Like nearly every English student in America, Pima Community College student Marcos Vidal listened intently to the short story “Where are you going? Where have you been?” by Joyce Carol Oates. Although he found the story interesting, It wasn’t until his instructor added that the ‘true crime’ events that inspired this story all took place in Tucson, that Vidal set out to discover the details of the crime for himself, poring over every word in the original police reports, and exploring the actual crime scenes. The results of first time director Vidal’s investigation culminate tonight with the premiere of his feature length film “Smitty” screening at 9 pm this Friday, March 23 2012 at the Grand Cinemas Crossroads 6 4811 E Grant Road Suite 150, Tucson, AZ 85712. “Smitty” tells the story of serial killer Charles Schmid, the infamous “pied piper of Tucson” who murdered three teenage girls between 1964 and 1965, and buried them in the desert outside of Tucson. While the Internet is saturated with extra-credit video adaptations of Oates’ short story, Tucson native Vidal offers a very personal and simple recollection of the events that took place in his hometown. Culling the dialog directly from witness statements and police reports, Vidals’ film avoids poetic, metaphoric comparison and evaluation as to why this horrible crime took place, and simply depicts the details of the crime.
Cruising Speedway in his killer red and white Chevy, 23-year-old Smitty (Nathan O. Miller) is on the prowl for teenagers to party with. Sporting a fake mole, pancake make-up and cowboy boots stuffed with newspapers and empty cans to make himself taller, Smitty enlists the help of his dimwitted girlfriend Mary (Hayley McCracken) to lure his first victim, Alleen (Brianna Jobe) out into the desert, where he bashes her head in with a rock. Upon seeing Smitty covered in blood, his teenaged pals spring into action, immediately helping him conceal the crime. As Smittys’ sickening circle of psychotic sycophants begins to swell, he gets the homicidal urge once more, this time murdering his 16-year-old sweetheart Gretchen (Rebekah Barrett) and her 13-year-old sister Wendy (Jenelle Lee Vela). “Smitty” is a straight up, bare bones, zip-zero-nada budget indie that looks every bit like a weekend one-off. Production is rough, and I mean rough. We’re talking sand-paper on a prickly pear rough. But “Smitty” provides something so rarely seen in local indie that it commanded my attention. Vidal’s desire to simply tell the true story from a strictly historical aspect is refreshing and inspiring.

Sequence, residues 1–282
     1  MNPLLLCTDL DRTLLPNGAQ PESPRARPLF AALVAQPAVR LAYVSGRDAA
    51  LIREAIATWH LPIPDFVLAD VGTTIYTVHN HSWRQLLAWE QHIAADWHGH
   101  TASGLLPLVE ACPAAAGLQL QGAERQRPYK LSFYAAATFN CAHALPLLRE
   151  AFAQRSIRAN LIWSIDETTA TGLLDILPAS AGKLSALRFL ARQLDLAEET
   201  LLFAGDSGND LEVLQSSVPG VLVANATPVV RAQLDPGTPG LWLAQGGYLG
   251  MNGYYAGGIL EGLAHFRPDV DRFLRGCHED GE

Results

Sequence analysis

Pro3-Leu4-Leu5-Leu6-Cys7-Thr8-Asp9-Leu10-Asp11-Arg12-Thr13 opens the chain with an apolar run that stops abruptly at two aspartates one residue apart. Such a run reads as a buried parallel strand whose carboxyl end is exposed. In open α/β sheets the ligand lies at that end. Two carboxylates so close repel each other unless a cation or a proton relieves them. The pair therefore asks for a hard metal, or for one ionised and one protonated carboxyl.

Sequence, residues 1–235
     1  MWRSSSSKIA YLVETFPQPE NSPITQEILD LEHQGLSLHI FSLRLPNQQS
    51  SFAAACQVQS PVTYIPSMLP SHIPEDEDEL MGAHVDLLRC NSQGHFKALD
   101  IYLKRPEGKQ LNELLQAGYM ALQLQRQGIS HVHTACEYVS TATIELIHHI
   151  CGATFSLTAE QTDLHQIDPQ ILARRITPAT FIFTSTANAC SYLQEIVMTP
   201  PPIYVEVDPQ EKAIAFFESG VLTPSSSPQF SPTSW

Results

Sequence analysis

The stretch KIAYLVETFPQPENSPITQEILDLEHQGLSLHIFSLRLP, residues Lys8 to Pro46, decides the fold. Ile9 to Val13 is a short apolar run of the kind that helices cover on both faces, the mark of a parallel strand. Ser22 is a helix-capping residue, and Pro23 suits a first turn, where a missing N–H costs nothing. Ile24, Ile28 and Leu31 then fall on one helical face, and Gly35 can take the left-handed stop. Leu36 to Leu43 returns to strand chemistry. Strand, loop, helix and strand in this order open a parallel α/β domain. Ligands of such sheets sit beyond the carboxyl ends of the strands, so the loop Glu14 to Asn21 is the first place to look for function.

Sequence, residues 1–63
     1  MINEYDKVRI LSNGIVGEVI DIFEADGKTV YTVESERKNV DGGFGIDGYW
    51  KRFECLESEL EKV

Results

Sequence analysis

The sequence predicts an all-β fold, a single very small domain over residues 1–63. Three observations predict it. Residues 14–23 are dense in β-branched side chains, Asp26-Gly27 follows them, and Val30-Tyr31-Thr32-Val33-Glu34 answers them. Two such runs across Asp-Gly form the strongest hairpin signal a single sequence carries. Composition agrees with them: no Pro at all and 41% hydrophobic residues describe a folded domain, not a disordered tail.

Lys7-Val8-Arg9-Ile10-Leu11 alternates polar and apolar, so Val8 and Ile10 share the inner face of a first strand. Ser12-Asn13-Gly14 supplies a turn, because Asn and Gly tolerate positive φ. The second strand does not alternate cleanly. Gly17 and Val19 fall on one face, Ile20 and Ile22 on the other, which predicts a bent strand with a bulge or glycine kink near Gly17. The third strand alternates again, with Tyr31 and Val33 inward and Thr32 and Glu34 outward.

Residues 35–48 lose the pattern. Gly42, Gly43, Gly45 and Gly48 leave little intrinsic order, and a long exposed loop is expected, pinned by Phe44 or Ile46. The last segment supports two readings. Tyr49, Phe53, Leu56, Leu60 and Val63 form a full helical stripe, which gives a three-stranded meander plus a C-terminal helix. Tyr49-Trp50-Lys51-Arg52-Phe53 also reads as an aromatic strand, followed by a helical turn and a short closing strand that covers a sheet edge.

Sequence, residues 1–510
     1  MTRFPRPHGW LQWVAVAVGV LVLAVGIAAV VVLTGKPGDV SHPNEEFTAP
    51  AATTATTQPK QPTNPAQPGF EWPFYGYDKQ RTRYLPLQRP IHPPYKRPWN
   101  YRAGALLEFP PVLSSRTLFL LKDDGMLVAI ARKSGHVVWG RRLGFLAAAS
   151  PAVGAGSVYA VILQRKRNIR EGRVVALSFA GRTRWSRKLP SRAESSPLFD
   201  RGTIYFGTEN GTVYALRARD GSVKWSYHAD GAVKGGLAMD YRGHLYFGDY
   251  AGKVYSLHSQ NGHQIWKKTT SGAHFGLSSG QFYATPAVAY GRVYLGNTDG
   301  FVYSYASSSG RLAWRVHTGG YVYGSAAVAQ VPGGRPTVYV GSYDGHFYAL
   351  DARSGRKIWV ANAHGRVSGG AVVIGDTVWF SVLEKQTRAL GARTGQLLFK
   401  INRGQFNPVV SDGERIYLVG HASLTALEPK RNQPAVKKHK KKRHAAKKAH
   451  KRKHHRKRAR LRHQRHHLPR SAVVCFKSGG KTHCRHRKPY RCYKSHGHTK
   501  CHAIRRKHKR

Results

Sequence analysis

If the actors seem eerily at ease carousing in Smittys house, it’s because these scenes were filmed in the actual Schmid home. Every effort is made at historical accuracy, from tracking down a bevy of 1960’s vintage cars to the decorations on the walls. Whenever possible, only buildings that were standing when the crimes took place are included in the background. Given the sensational nature of the events being depicted, the film wisely skips the sex and gore for the most part, and focuses on the thundering boredom of the Tucson teens, and their seemingly Dionysian worship of the overtly creepy Schmid. Whenever the meager production allowed, dark and dreamy excursions into the desert are presented well and passionately. The grains of sand slowly pouring through blood-soaked fingers while stars and saguaros fill a deep blue background powerfully reveal the eye of a filmmaker. Director Vidal wants so much to take you there, to that time and place, and yet is severely restricted from doing so simply by the economic confines of his production. The actors in Smitty (many making their screen debut) seem to bring their own personal connection to their role, with a desire and energy not just for performance, but for justice in the presentation of their teenaged counterparts. Nathan O. Miller is excellent in his emotional portrayal of the slickly psychotic Schmid. The mega props for this film have to go to Ms. Rebekah Barrett for her performance as the tragically naïve, yet sinisterly seductive Gretchen.
After Schmid was sentenced to death for his crimes in 1966 (he was killed by other inmates in 1975), psychologists, social analysts and teen angst-ologists descended upon Tucson to help explain how this tragedy was allowed to happen. The theories ranged from the eye-rollingly absurd (The youths obsession with the automobile. Seriously), to the ludicrously sensational (L.A. Times headline 1966: “Tucson murder trial exposes teen jungle”). After passing their judgment on the youth of Tucson (and America as well), the experts have departed. The infamous crime has now taken it’s place in the annals of bizarre Arizona history. A rich history with stories that Arizona filmmakers need to tell.
Final Take – Terrific Tucson teen turmoil.
- 'Smitty' (2012)
The crimes of serial killer Charles Schmid "The Pied Piper of Tucson" are brought to life.